The Faculty Media Impact Project is now ranking social science departments at various universities , Boston University included, based on their prevalence in the media, said Bob Borofsky, director of the project.
Researchers searched the Google News archive to see how often select faculty members appeared in different news sources and then ranked them relative to how much federal funding their programs receive, Borofsky said.
The rankings, released Tuesday, ranked BU as number 68 out of 94 researched universities. BU’s Political Science, Anthropology and Sociology departments were among BU’s top three most cited departments.
“Faculty in social sciences receive billions of dollars, and they should then have some sort of civic responsibility to explain to others what the value of the research is,” Borofsky said. “If you give billions and billions of dollars to various researchers, they should have to explain to the larger public the value of their work.”
Borofsky said his two main intentions for the project were to encourage low-ranked universities to improve their media prevalence, and to let the public know about the real value of the social science work that university faculty and researchers have done.
“I noticed many faculty, while they were interested in reaching out to the public, were hesitant to because they didn’t get any encouragement from their schools,” Borofsky said. “I wanted to have something that would highlight the importance of reaching out to the public.”
BU economics professor Laurence Kotlikoff is ranked as the most cited social science professor at BU, and said he is surprised BU is not ranked higher in The Faculty Media Impact Study considering how often he sees the university cited in the news.
“We [BU] have very prominent scientists, social scientists, physicians and artists,” Kotlikoff said. “So, I would have thought we would have been in the top 10 … There are a lot of academic intellectuals here … It is a very big, broad university.”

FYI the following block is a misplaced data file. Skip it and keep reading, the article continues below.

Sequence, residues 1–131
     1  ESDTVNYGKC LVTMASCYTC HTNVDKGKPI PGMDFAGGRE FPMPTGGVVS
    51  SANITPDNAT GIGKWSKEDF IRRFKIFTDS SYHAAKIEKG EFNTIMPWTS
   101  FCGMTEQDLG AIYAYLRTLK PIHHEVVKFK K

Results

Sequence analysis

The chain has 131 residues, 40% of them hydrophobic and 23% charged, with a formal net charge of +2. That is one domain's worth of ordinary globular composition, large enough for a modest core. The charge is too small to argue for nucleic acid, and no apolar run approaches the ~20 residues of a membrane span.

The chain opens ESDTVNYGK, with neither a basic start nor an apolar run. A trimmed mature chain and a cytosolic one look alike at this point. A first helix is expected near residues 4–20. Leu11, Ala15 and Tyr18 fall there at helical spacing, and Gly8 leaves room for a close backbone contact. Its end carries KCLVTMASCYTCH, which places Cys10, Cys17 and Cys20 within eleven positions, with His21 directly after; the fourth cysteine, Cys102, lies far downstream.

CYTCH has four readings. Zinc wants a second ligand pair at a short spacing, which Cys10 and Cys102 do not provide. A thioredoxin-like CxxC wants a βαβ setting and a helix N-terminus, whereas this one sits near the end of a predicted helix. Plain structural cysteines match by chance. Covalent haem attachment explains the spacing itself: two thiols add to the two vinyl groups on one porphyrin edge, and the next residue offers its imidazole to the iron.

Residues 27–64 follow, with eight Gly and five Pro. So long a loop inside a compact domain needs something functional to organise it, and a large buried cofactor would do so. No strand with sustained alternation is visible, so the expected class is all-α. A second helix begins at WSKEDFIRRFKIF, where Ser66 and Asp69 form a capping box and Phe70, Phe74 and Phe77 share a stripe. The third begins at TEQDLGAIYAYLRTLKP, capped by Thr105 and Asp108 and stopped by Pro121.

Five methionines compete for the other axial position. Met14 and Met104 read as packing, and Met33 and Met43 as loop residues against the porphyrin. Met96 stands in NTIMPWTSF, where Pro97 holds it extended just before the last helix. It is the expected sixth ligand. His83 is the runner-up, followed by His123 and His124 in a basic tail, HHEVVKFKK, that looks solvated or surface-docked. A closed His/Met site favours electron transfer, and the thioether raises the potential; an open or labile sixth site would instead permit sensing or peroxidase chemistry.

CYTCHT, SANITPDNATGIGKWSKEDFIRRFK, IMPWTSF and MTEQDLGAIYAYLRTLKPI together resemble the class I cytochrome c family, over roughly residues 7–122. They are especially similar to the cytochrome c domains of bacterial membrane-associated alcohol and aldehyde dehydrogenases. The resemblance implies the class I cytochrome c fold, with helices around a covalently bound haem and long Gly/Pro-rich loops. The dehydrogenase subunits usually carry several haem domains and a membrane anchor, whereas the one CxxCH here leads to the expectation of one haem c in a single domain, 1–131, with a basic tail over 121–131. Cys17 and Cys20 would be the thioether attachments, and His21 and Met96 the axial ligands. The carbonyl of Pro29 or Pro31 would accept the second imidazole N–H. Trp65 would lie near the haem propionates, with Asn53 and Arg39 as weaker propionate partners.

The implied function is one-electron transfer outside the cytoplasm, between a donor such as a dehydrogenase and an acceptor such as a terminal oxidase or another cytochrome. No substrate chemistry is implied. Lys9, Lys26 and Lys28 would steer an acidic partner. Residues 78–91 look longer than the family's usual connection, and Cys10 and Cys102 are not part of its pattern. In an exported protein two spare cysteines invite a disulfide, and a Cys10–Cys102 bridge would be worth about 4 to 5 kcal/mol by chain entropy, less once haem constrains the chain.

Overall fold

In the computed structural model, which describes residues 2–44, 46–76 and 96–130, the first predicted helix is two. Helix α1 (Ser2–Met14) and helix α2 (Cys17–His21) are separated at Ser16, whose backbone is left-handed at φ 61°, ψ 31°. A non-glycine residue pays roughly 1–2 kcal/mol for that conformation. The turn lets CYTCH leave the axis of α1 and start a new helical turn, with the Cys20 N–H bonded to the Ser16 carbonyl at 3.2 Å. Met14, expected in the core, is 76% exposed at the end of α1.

Kotlikoff said he has received a lot of attention on various media sources because he often writes about U.S. fiscal problems and related issues. He said he regards sharing such information as a public service.
“We [the faculty] also have responsibility to Boston University to try and get its name out there,” Kotlikoff said. “I take every opportunity I can to talk to the media, and I never turn down any major media opportunity … I treat that as part of my job.”
Sociology professor Nancy Ammerman, who was ranked as the second most cited social science professor, said it is important for researchers and professors to speak to the media to provide context, background and history on their work for the broader public.
“I made a conscious decision a long time ago that this [talking to the media] is part of my role as a teacher,” Ammerman said. “It’s very much like being a teacher in the classroom … I can help the student to define the question better. I can help the student to know where else to go.”
BU spokesman Colin Riley said BU agrees that faculties’ prevalence in the media is important.
Riley said the fact BU is among the top 100 institutions that are widely quoted in various media sources suggests how well staffed it is with acclaimed faculty and researchers.
“We have a studio where… we can put faculty before the media in very short order, and I think that it really does help the public discourse about issues of interest before us, political, economic, local and national,” Riley said. “We [BU] are in the news every single day, locally and nationally, and across a full range of disciplines. And the faculty does it on their own time.”